Detection of Aseismic Geodetic Transients Using k-Nearest Neighbors

Tuesday, 16 December 2014
Robert A Granat, NASA Jet Propulsion Laboratory, Pasadena, CA, United States
Observation and detection of aseismic transient signals in geodetic data is an important part of improving understanding of the earthquake cycle. Recent work, conducted as part of the Southern California Earthquake Center's transient detection exercise, showed that transient detection results were improved by using multiple detection methods and by localizing results to specified geographical regions. While geographical regions can be defined on the basis of a priori science domain knowledge, regions defined in such a way are vulnerable to edge effects (i.e., observations collected near the region boundary are less reliable) and are not easily extendable to new regions or measurement modalities where a priori understanding is limited.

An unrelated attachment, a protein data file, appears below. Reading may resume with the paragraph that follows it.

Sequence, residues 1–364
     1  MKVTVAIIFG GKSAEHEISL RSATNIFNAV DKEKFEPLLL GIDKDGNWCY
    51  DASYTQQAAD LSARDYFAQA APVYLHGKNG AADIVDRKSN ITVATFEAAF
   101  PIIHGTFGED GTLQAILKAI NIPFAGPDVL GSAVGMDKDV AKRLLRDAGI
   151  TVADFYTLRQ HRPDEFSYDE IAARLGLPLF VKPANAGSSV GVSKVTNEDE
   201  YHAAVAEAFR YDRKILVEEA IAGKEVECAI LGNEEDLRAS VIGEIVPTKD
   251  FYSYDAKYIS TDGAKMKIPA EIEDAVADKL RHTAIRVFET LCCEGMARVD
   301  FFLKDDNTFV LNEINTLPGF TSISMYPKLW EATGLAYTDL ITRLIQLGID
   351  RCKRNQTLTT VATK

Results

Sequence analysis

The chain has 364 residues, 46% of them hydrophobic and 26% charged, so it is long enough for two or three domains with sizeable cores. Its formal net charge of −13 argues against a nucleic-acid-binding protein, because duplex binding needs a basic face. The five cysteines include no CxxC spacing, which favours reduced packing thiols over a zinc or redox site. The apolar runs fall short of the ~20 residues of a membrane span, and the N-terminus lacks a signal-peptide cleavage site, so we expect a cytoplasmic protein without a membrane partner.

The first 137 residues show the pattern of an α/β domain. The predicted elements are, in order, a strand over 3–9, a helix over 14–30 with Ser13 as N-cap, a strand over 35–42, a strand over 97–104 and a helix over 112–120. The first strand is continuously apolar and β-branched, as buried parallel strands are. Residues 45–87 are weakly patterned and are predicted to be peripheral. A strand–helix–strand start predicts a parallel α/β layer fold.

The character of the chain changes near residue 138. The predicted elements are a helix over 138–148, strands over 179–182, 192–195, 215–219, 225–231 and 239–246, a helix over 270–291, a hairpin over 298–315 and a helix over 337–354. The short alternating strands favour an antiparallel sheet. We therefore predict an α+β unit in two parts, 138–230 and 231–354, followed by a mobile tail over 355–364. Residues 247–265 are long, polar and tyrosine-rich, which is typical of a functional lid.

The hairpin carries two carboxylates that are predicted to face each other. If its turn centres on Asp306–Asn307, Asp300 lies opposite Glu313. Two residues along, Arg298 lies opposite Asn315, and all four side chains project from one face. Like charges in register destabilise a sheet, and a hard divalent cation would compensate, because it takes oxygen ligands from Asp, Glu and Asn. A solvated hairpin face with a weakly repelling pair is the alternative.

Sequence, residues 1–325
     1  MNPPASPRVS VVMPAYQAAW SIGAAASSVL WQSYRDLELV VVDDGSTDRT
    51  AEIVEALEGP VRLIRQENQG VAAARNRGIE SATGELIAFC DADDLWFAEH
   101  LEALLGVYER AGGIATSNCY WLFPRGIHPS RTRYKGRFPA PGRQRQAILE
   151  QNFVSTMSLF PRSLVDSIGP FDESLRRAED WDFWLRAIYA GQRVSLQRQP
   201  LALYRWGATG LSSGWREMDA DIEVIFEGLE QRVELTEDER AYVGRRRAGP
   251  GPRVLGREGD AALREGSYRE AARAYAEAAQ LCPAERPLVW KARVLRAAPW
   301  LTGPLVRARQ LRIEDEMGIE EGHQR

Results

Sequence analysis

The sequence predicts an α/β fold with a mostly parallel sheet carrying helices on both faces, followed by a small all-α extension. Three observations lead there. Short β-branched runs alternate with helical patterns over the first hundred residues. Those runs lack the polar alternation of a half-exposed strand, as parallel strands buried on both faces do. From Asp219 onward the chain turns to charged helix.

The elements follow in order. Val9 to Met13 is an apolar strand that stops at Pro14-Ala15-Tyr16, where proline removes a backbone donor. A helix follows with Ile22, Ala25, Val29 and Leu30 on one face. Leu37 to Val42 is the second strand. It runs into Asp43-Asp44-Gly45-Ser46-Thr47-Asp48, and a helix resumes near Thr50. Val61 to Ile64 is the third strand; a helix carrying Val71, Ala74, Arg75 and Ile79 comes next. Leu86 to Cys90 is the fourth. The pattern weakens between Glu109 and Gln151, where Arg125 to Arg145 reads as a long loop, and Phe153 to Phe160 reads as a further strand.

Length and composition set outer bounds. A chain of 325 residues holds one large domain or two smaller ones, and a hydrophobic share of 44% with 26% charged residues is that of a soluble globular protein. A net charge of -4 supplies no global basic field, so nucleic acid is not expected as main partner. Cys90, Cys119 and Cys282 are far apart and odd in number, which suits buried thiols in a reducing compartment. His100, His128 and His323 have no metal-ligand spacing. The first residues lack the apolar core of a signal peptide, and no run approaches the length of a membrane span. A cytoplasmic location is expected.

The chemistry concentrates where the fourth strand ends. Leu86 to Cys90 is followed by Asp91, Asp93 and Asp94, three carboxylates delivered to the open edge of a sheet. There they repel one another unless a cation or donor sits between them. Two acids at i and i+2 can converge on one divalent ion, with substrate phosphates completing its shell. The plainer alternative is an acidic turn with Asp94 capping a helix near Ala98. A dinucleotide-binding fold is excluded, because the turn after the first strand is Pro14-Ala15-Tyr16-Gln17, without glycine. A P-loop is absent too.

We present an approach to overcoming these challenges that utilizes a k-nearest neighbor approach to defining geographical regions for GPS stations. In this approach, each station has its own individual region, defined by a chosen number k closest neighboring stations rather than any predefined geographical boundary. In this general framework, a weighting function controls the contributions of neighboring stations to the transient detection, while a distance function (e.g., Vincenty's method) controls which k stations are considered neighbors. The "proper" k depends both on the transient detection method and the weighting function; it can be defined by the user directly or optimized using hyperparameter optimization. For transient detection using multiple detection methods, this framework nests readily within an ensemble classifier.